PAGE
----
Though the Eurasian admixture story among these populations is fascinating, there is also nuance in the input of hunter-gatherer ancestry within West African and Bantu populations. First, I suspect that these estimates are low bounds, because they don’t have exact reference populations. Some of the hunter-gatherers mixed into the Igbo and Bantu groups may have been more like agriculturalists than the extant hunter-gatherer groups within Africa. One of the peculiarities of the genetics is that it looks as if the hunter-gatherers of Sub-Saharan Africa, the Khoisan in the south and the Pygmies in the center, share more recent common ancestors than they do with the agriculturalists. This may simply be due to the fact that the agriculturalists went through rapid expansion, and this whole constellation of peoples derive from a group which was an outgroup to extant hunter-gatherers. The only complicating issue is that of Eurasian admixture; it seems likely that for very old admixture events we’re seeing underestimates, or they aren’t picked up. In other words, the “reference” Sub-Saharan Africans themselves are compounds of people who remained within Africa, and Out of Africa. The eastern Pygmies may be the only people in the world without much Out of Africa input (recall that the Khoisan have some level of Out of Africa input mediated by East African pastoralists).
A second interesting aspect of the paper is about selection within African populations. As I said above you can find much in the supplements, so I won’t review that laundry list. But, it is interesting that many of the signatures disappeared once Eurasian ancestry was “masked.” That is, within the genomes of individuals you have a mosaic of ancestries, and high genetic distances between populations at particular loci turn out often to be simply due to historical demography. Once you remove this confound you pick out signals of selection which might be due to local adaptation (though some of the Eurasian alleles might also have been subject to selection, so in some ways the filtering might be too stringent). But the masking of Eurasian ancestry also highlighted something important: the genetic variation across African populations once you remove Eurasian ancestry is not that high. This is curious in light of the truism that most genetic variation in humans is found within Africa, but as Nick Patterson pointed out to me years ago: this applies to variation within populations, not across them. Since most variation is not partitioned across populations that explains why Africans can be so genetically varied despite exhibiting not too high between population variation. After masking Eurasian ancestry the mean pairwise Fst was ~0.015. To give a sense of perspective, the Fst between Northern Italians and Lithuanians is 0.01. The Fst between the Ethiopian African ancestry (so Eurasian segments are masked) and other African populations is still 0.027, on average (the distance between Lithuanians and Southern Italians is 0.015). This reinforces the fact that the African ancestors of Ethiopians are somewhat atypical (further confirmed by the relative inaccuracy of imputation from public data sets).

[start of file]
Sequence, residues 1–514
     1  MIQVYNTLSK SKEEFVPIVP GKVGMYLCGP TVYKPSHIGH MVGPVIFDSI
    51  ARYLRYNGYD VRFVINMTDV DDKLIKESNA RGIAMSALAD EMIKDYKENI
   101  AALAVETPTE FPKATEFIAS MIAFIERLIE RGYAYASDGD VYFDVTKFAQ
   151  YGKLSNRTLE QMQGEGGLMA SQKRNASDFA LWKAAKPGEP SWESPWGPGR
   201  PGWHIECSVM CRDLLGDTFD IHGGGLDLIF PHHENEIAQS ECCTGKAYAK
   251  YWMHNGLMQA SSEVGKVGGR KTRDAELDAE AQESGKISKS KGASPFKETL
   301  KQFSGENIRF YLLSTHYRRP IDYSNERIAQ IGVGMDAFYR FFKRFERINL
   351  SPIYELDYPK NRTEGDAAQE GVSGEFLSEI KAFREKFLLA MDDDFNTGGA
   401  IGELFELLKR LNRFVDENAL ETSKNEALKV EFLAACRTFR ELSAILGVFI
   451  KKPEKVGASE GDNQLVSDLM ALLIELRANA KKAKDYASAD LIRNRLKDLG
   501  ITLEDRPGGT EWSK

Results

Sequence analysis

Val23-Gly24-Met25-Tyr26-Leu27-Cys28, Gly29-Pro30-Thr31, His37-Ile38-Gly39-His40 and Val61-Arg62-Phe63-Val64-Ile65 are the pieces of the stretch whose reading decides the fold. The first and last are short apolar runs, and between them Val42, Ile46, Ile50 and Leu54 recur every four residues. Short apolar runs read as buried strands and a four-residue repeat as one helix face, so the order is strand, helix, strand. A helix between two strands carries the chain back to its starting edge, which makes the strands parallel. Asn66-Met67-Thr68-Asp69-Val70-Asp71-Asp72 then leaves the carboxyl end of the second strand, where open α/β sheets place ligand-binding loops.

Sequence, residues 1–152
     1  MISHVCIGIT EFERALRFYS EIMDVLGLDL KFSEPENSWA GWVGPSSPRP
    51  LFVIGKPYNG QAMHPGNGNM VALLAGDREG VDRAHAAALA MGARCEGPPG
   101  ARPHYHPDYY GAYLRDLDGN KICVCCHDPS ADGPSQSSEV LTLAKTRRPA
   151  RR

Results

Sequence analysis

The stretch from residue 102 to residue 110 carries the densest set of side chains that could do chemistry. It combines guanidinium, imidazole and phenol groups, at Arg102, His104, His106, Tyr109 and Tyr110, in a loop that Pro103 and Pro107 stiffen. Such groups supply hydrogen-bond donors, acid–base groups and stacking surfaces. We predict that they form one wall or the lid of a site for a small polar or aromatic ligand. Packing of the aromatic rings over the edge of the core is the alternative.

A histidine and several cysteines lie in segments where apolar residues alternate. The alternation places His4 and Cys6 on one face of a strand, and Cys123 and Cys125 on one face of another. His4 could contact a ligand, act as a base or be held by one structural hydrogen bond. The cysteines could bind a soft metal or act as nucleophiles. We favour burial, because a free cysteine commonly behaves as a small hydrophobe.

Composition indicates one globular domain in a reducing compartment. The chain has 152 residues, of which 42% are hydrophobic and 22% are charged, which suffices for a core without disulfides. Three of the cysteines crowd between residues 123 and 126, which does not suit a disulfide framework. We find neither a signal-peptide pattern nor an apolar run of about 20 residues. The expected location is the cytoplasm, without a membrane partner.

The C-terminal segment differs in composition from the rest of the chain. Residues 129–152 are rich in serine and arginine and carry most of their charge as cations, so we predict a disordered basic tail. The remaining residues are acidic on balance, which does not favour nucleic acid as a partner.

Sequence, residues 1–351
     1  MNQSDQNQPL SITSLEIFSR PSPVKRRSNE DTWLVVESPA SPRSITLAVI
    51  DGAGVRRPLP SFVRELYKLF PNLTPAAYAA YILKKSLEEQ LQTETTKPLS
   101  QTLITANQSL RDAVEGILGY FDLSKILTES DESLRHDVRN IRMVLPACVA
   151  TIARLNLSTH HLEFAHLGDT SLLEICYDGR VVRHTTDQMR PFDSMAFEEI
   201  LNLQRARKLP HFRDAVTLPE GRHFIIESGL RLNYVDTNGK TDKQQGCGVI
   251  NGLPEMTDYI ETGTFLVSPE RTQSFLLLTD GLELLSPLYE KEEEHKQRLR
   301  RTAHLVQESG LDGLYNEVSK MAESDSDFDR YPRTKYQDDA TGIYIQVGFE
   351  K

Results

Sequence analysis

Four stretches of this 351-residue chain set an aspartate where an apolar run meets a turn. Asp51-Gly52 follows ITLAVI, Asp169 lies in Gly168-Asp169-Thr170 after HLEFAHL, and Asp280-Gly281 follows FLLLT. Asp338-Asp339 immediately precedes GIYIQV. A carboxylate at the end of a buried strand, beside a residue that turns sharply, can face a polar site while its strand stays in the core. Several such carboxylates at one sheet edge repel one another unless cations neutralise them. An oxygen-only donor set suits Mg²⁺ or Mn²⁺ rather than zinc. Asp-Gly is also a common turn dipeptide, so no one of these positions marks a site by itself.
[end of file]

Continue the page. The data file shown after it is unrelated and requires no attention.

The result that the Igbo seem to have ancestry from a hunter-gatherer group genetically closer to the Khoisan than the Mbuti Pygmies makes a lot more sense when you accept that much of the genetic population structure within African disappeared with the rise of agriculturalist groups which demographically swamped them. It seems plausible that the preexistent variation can be reconstructed to some extent by analyzing patterns within agriculturalists, as they likely absorbed hunter-gatherer groups over time. Within the paper the authors suggest that whole genome sequencing of more populations should be high on the priority list, and I agree. The future is going to be interesting.
* Klein appealed to some of Stephen Jay Gould’s more macromutationist/saltationist speculations.